We are a commune of inquiring, skeptical, politically centrist, capitalist, anglophile, traditionalist New England Yankee humans, humanoids, and animals with many interests beyond and above politics. Each of us has had a high-school education (or GED), but all had ADD so didn't pay attention very well, especially the dogs. Each one of us does "try my best to be just like I am," and none of us enjoys working for others, including for Maggie, from whom we receive neither a nickel nor a dime. Freedom from nags, cranks, government, do-gooders, control-freaks and idiots is all that we ask for.
Some varieties bloom in the snow, long before spring bulbs.
Here's how to take care of your Hellebores. Seems like a good idea to plant them in bunches. (In our view here at the farm, there are only two types of planting plans - massed - all of one species - and specimen plants. Random mixes are just a mess, we believe, most of the time. I violate the rule often)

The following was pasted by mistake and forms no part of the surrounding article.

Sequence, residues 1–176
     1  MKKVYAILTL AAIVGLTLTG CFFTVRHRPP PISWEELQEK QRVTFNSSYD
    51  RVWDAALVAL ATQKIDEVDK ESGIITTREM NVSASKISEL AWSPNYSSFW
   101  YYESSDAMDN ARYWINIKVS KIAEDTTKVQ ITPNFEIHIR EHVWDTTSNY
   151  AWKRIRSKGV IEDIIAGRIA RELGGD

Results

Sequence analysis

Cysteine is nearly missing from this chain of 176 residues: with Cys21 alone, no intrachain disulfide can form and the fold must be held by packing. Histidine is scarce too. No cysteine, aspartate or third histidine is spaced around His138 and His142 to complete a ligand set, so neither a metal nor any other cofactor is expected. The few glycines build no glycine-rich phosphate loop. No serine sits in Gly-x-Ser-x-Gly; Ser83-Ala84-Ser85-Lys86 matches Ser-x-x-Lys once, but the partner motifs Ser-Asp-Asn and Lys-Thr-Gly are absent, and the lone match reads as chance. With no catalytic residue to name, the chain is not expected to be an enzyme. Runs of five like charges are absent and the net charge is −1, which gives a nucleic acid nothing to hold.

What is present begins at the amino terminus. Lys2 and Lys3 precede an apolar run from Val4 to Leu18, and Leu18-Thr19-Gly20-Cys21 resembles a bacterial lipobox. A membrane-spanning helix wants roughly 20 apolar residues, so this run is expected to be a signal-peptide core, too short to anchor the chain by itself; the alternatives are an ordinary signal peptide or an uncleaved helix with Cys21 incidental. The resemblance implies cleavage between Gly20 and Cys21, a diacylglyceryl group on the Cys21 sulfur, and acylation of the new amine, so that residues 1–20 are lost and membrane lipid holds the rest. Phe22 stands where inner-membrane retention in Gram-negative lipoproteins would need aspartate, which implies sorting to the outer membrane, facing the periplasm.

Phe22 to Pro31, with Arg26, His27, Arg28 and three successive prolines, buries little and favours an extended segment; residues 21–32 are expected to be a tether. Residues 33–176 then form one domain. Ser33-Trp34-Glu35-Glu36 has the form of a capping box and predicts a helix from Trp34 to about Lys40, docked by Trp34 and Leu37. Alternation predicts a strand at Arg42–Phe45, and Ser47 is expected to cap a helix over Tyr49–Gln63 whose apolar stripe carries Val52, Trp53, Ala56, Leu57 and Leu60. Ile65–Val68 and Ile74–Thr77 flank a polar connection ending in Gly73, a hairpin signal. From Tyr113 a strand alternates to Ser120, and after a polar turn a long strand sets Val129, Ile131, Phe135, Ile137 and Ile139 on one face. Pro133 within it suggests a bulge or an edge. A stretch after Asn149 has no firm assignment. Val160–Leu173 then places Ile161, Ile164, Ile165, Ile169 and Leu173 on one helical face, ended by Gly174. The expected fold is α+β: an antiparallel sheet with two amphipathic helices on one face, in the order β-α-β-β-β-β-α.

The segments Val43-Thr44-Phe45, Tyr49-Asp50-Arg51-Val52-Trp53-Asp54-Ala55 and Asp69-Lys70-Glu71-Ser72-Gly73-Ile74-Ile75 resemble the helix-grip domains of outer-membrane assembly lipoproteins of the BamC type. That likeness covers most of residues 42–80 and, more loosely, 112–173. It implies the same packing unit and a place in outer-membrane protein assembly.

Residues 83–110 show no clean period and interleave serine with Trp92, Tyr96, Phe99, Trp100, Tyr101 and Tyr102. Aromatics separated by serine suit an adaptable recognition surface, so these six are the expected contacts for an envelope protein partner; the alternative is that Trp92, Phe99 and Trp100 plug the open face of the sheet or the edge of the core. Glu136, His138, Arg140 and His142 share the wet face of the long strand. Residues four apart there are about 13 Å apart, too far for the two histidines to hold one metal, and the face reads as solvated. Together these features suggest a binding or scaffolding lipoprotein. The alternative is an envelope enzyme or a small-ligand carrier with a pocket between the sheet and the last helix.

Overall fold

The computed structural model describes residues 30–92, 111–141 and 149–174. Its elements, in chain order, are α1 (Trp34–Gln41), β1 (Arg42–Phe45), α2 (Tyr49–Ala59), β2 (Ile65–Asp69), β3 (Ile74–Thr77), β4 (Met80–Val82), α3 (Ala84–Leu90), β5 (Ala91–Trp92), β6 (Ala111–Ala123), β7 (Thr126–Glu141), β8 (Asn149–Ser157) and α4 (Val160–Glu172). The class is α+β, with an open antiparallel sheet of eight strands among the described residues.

I am going to get me some and see how they do.
(I wonder about the impact of online plant sellers on local nurseries and the old standard plant mail-order catalogues. Must be like the impact of Amazon on booksellers. Nurseries cannot compete with the online selections. Just look at Hosta Patch - 500 varieties of Hostas.)
re I wonder about the impact of online plant sellers on local nurseries
Dunno, BD. You could be right. Time will tell.
OTOH, plants are perishable and subject to damage in transit, and a lot of people like to actually see their plants before they purchase. Who wants the hassle of having a dead plant arrive at their door?
The timing of the purchase may be important as well. Would one want their purchase to arrive during a late Spring snowstorm and set on the step until one arrives home from work, or arrive on a Monday and not have time to replant until the next Saturday?